The Traps of Bad Leadership
We did a training this week on the traps of bad leadership. In part, we talked about the traps that we can fall into when we lack self-awareness. You may think that self-awareness sounds pretty fluffy, that mindfulness is all very nice but what does it have to do with my job? In fact, self-awareness is intensely practical and can help us establish and maintain easy, peaceful working environments.
There are four major pitfalls that we can run into:
Lack of consistency
Micro-managing is, simply, telling everyone how to do each little thing, instead of allowing them to execute their assigned task. Micro-managing is fear-based. We might be afraid that if the team’s assignments aren’t done perfectly then we as the manager or leader might be in trouble. While that may be true, the answer is not to hover over everyone’s shoulders. We have to give our teams the tools they need to get the job done, and then TRUST them to do it. The self-awareness piece here is to know what is pushing us towards micro-managing our team. What are we afraid of? Why don’t we trust our team? If we can answer those questions we can usually solve the real problem at its root.
No one wants a Jekyll and Hyde boss. Chris Hallberg, author of "The Business Sergeant's Field Manual" says that "clear and consistent leadership and management simplifies the work environment. This gives staff members the chance to focus on the work that needs to be done — rather than the politics of navigating a tricky business relationship.” You don’t want your people having to waste energy worrying about which version of you is going to show up today. Consistency applies to how we treat others, as well as our mood and tone of voice. Of course, everyone has bad days, but we need to be sure we don’t take them out on those around us. We have to be non-judgemental observers of ourselves, so that we can be mindful and intentional about our actions, to ensure that we are showing up consistently.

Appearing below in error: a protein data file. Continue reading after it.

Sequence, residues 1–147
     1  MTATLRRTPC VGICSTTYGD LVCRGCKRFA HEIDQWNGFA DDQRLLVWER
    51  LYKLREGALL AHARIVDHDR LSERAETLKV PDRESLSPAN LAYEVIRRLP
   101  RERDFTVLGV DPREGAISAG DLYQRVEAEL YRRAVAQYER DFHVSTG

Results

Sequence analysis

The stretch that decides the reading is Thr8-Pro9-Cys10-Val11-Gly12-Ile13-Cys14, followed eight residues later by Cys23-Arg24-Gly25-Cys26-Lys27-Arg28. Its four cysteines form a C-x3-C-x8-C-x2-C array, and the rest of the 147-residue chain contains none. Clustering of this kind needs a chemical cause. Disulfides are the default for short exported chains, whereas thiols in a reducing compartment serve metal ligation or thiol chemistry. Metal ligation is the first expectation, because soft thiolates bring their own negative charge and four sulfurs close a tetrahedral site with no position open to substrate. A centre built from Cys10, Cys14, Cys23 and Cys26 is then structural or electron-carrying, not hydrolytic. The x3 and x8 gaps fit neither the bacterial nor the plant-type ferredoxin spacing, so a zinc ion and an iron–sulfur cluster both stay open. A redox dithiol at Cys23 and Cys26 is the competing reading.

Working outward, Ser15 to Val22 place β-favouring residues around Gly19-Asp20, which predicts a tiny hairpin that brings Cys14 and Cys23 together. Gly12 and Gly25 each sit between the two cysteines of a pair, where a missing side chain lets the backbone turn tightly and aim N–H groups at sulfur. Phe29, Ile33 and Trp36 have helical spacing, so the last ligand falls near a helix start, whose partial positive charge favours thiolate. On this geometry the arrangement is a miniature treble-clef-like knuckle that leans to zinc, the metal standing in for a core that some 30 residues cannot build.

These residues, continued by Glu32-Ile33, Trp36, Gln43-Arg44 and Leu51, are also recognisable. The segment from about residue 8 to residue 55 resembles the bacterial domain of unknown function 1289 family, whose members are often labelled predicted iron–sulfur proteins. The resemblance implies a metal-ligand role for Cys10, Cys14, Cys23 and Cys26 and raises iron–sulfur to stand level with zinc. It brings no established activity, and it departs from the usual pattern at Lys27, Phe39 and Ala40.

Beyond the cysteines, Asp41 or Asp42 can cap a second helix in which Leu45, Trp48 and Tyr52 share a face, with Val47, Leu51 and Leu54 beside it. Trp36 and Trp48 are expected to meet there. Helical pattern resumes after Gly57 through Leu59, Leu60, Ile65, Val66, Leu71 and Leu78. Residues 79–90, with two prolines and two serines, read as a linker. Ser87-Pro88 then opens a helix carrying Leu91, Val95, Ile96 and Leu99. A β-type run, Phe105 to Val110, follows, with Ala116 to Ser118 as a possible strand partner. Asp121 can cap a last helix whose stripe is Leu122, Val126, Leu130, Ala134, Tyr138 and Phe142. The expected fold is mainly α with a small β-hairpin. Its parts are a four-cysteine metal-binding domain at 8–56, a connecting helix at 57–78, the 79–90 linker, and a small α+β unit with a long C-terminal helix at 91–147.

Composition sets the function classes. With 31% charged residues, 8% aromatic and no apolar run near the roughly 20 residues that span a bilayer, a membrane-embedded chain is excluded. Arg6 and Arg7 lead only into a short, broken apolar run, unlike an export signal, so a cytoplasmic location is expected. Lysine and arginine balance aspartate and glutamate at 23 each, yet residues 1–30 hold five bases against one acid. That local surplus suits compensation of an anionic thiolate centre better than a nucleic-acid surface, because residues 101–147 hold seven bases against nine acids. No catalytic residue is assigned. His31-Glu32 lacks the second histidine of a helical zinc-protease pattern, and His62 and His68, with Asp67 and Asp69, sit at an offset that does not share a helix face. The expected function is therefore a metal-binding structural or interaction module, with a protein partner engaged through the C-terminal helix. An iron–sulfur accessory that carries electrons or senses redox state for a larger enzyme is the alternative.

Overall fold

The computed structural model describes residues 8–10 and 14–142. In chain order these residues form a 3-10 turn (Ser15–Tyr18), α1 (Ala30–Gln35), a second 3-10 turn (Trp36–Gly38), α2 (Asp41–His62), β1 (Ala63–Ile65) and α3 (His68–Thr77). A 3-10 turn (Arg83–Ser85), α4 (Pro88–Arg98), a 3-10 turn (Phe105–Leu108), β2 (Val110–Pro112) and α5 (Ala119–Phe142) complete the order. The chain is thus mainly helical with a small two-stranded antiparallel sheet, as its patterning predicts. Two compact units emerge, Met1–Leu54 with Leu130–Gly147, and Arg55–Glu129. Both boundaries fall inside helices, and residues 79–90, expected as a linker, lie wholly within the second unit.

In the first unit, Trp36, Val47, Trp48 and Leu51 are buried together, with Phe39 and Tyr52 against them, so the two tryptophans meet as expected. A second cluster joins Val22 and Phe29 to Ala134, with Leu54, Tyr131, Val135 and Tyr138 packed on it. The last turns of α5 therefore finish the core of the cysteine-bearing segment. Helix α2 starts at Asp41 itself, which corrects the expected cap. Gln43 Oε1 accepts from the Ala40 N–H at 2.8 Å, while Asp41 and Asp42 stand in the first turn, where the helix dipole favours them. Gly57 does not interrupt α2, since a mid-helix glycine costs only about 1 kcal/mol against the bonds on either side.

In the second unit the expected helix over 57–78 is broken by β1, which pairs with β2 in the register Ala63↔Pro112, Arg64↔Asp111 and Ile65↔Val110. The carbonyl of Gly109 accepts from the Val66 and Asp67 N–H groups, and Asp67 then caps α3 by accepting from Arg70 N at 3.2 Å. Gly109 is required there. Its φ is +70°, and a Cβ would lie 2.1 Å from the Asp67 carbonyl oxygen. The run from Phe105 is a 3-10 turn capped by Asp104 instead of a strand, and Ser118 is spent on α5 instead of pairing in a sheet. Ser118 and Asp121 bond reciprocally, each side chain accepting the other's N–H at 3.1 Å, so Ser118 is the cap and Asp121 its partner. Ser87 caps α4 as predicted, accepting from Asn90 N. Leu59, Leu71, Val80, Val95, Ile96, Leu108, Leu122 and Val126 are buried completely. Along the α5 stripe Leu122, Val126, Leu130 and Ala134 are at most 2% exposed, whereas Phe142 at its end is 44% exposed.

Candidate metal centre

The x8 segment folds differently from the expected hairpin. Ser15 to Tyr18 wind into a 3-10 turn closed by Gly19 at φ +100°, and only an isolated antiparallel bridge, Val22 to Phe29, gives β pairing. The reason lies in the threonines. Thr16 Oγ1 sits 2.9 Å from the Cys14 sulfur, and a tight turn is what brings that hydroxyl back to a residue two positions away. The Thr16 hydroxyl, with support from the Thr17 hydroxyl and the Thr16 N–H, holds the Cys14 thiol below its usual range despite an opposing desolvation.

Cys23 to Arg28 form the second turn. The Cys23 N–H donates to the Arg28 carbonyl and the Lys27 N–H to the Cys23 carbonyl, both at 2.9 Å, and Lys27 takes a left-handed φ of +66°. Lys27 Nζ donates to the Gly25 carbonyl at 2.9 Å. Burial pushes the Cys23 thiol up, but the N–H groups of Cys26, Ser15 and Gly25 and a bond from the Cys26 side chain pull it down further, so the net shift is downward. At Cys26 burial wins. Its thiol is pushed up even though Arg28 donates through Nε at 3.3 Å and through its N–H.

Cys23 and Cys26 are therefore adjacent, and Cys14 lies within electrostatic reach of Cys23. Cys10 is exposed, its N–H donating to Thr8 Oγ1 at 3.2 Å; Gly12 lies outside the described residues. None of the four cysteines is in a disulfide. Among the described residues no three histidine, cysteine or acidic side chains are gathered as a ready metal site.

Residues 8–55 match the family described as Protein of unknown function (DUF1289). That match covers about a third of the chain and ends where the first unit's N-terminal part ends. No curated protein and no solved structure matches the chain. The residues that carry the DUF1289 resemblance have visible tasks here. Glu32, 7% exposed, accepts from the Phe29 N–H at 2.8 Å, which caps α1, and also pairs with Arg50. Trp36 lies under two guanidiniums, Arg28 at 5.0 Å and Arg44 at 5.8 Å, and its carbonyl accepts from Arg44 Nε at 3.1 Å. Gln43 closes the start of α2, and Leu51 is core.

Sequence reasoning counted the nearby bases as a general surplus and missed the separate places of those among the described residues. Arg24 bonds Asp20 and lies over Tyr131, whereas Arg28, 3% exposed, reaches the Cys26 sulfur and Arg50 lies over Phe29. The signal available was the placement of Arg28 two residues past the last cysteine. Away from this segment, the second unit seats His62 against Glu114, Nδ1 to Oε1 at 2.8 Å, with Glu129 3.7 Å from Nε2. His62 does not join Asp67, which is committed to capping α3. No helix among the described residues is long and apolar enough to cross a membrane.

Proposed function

Not being aware that there is a problem, makes it really hard to solve the problem. Further, lack of self-awareness can lead us to miss the fact that our behavior is actually contributing to the problem. Being in denial can make you feel like you’re being attacked when you receive negative feedback, because it appears to come out of nowhere.
Which leads us to our fourth trap. Ego worries what will people think of me? Ego says I got this; I don’t need any help. Ego whines that no one ever listens. Essentially, ego puts self over the team. It’s easy to see how that can be detrimental to accomplishing goals when someone else is doing it. Much harder to get out of our own way. It is really important to be able to ask if it’s ego that driving a decision (will this make ME look better?) or if it’s really the best for the team as a whole.
Without being immensely self-aware, we stand almost no chance of sustained success in relationships with people or achieving company goals. The good news is that self-awareness is a learnable skill that can actually lead to more personal freedom and flexibility, and more success and effectiveness in all areas of our lives.